[LAD] AoIP question

Len Ovens len at ovenwerks.net
Mon Oct 6 00:44:17 UTC 2014

On Sun, 5 Oct 2014, Fons Adriaensen wrote:

> On Sun, Oct 05, 2014 at 01:51:36PM -0700, Len Ovens wrote:
>> AES67 (and other formats) use PTP (IEEE 1588-2008) to keep the
>> system clocks aligned at a usec level. The media clock is then
>> derived from that. The media clock on both systems should therefore
>> be syncronis.
> It's easy to write in a standard that
>  'The media clock is then derived from that'.
> Doing it is another matter. It requires either controlling
> the HW sample rate (which is the 'media clock' for audio)
> or resampling.

Yes that is correct. In general, the IF is a separate box or boxes and the 
derivation of media clock is done by those boxes. Taking a computer with 
an ALSA card and syncing that card to the network clock is not something 
any of the audio cards I have worked with can do (you mention the RME may 
be able to). However, an AoIP box or set of boxes could be used in place 
of a computer audio IF. They would send the audio packets to the computer 
at a fixed rate  and the computer would send output packets based on the 
same rate back to the interface(s). This is not fundamentally different 
from how ALSA cards work. The computer would not even have to have access 
to the media clock or the PTP time base in order to work. That is with one 
computer. With two or more computers, one computer may use another 
computer as a direct source at which point using the PTP timing may be 
needed (I could be wrong on that too, presending packets before the sample 
clock for that packet timed could be just as effective so long as all 
codecs are synced).

To repeat, all ADC/DAC hw has to be on a box that can take the PTP clock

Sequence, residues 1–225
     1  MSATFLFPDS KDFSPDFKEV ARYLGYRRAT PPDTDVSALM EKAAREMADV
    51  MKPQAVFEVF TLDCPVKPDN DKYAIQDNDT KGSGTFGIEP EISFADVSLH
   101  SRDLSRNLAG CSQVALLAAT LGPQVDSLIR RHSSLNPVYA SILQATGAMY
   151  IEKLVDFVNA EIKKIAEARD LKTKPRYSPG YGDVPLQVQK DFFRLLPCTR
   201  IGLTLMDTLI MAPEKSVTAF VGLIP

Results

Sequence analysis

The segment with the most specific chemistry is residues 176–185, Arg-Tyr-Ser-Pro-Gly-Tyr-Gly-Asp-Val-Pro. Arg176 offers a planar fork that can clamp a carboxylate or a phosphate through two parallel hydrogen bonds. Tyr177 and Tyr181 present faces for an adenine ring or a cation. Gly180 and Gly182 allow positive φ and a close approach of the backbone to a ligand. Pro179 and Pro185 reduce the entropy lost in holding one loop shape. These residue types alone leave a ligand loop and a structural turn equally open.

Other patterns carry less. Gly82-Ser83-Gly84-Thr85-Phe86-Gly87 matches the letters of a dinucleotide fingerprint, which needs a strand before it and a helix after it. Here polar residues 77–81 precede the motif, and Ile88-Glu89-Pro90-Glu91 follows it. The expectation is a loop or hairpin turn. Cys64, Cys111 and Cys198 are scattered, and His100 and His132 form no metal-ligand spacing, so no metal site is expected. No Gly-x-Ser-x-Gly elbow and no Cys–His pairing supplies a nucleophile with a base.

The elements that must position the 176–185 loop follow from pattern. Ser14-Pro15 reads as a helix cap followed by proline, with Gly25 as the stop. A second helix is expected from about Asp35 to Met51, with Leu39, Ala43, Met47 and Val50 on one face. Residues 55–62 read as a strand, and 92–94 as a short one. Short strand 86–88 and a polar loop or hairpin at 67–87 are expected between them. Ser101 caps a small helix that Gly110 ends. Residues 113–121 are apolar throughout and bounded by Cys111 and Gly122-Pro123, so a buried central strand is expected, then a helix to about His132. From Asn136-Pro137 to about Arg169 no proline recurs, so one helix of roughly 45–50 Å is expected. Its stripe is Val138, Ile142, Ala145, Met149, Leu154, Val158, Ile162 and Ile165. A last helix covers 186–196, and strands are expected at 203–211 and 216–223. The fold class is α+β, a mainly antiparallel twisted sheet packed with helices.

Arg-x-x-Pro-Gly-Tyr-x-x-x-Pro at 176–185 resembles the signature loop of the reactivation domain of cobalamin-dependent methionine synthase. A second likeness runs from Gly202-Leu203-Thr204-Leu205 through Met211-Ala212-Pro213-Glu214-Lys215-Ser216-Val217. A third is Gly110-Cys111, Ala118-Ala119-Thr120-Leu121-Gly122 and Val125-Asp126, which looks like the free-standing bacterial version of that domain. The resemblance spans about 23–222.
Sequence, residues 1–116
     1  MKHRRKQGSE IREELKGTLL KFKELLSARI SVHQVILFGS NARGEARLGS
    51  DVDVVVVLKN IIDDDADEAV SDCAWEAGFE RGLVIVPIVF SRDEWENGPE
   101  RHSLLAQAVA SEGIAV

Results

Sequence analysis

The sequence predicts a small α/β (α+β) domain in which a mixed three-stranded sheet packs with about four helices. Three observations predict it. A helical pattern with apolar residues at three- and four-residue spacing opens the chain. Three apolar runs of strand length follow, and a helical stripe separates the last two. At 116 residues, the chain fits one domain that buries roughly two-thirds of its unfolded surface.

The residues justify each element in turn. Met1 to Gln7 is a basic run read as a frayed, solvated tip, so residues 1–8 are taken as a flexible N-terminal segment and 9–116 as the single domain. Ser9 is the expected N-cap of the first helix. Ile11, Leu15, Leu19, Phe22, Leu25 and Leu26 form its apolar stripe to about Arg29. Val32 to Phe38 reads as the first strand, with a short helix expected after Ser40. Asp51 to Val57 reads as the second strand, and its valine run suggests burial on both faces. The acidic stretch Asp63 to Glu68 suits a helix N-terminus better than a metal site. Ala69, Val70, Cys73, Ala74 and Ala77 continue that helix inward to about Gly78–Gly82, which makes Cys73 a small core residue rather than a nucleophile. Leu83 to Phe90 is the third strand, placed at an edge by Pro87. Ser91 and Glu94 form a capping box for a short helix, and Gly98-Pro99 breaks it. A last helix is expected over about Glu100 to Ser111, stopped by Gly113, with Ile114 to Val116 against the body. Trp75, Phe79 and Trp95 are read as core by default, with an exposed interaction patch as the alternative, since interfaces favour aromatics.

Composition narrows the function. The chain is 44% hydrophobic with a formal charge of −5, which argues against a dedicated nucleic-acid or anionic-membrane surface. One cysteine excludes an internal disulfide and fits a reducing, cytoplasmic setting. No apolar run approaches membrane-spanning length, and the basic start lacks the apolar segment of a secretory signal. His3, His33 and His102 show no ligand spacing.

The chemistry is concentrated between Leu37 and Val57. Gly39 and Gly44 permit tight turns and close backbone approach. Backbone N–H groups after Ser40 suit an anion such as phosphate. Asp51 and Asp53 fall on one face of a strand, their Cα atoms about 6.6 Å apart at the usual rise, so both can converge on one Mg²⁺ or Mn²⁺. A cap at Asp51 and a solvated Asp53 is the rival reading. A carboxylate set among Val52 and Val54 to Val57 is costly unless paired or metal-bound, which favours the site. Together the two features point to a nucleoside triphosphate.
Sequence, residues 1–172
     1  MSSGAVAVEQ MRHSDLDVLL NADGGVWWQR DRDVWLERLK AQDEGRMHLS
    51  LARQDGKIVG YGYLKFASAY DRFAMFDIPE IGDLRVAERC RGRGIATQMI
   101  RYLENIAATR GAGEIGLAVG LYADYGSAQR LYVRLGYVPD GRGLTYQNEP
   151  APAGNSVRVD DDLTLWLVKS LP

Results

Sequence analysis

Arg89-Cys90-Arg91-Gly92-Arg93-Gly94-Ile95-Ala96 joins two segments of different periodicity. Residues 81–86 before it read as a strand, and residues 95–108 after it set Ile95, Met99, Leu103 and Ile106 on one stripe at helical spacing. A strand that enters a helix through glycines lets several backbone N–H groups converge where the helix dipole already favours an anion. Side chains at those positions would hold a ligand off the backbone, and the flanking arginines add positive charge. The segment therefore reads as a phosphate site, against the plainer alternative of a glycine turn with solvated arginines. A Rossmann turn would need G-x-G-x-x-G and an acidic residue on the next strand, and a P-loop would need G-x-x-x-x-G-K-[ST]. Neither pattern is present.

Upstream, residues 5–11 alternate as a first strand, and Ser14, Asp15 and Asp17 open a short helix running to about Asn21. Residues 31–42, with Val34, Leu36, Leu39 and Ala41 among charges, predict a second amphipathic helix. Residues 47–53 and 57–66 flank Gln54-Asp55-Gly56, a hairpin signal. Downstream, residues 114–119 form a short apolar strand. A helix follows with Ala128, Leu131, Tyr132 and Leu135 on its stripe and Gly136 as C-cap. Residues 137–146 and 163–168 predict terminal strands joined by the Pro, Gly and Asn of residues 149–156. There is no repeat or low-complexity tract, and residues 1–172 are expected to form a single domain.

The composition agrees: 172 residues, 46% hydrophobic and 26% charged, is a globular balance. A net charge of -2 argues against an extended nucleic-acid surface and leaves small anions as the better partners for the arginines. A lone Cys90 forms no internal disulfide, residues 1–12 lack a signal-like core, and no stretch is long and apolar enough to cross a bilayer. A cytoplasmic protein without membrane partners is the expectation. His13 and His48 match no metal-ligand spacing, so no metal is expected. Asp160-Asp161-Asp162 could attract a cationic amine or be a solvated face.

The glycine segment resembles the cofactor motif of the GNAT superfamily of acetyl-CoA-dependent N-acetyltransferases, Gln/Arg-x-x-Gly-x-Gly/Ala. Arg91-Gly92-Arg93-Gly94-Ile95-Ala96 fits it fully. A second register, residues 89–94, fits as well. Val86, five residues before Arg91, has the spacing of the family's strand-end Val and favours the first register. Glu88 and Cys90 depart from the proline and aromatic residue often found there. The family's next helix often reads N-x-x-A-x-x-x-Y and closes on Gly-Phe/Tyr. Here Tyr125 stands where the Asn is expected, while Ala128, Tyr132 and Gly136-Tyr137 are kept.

and derive media clock (AKA sample or word clock) for that HW. Most ALSA 
cards would require a wordclock for an external source such as one of the 
AoIP IF boxes that was physically close... but then why not just use the 
AoIP box?

So having Linux support AES67 does not mean adding the ALSA audio Card to 
the AES67 I/Os at all, it means being able to access that AES67 audio for 
processing such as recording, editting, etc.

To put this into persepective, I have a machine that has an AC97 AI on the 
MB, I also have an ICE1712 card in the PCI slot. In practice this means 
That the MB audio card is turned off and I only use the ICE as an audio 
IF. In the case of AoIP Audio IF box it would be the same. The internal 
audio would not be used in favour of the AoIP I/Os. The big difference is 
that one can use as many external AoIP boxes as they wish (so long as the 
cpu/ethernet port will handle the traffic) and it will all look like one 
audio IF. The difficulty with either jack or ALSA is that they don't 
expect the audio interface to grow new I/O or have them disappear after 
they have been started, but AoIP is designed for that to happen at any 
time without anything more than having connections break. Jack would be 
able to handle this somewhat better... Using PTP on the computer to run a 
dummy backend for timing and only connecting streams as clients. The 
clients would be in sync with the PTP run jack backend. The available 
streams  might even be none and jack could still run. Jack could supply 
streams without having any input streams as may happen with a soft synth.

This is a new thing for linux systems and a new way of thinking. I think 
it pretty much breaks ALSA as I know it. This does not mean AoIP boxes can 
not be used as audio devices with ALSA, they could be used in a static 
manner. That is one AoIP box could be set up with the system  with a set 
number of I/O and opperate just like an internal AI. Any change in the 
setup by adding a second box would mean restarting the audio module.

Len Ovens

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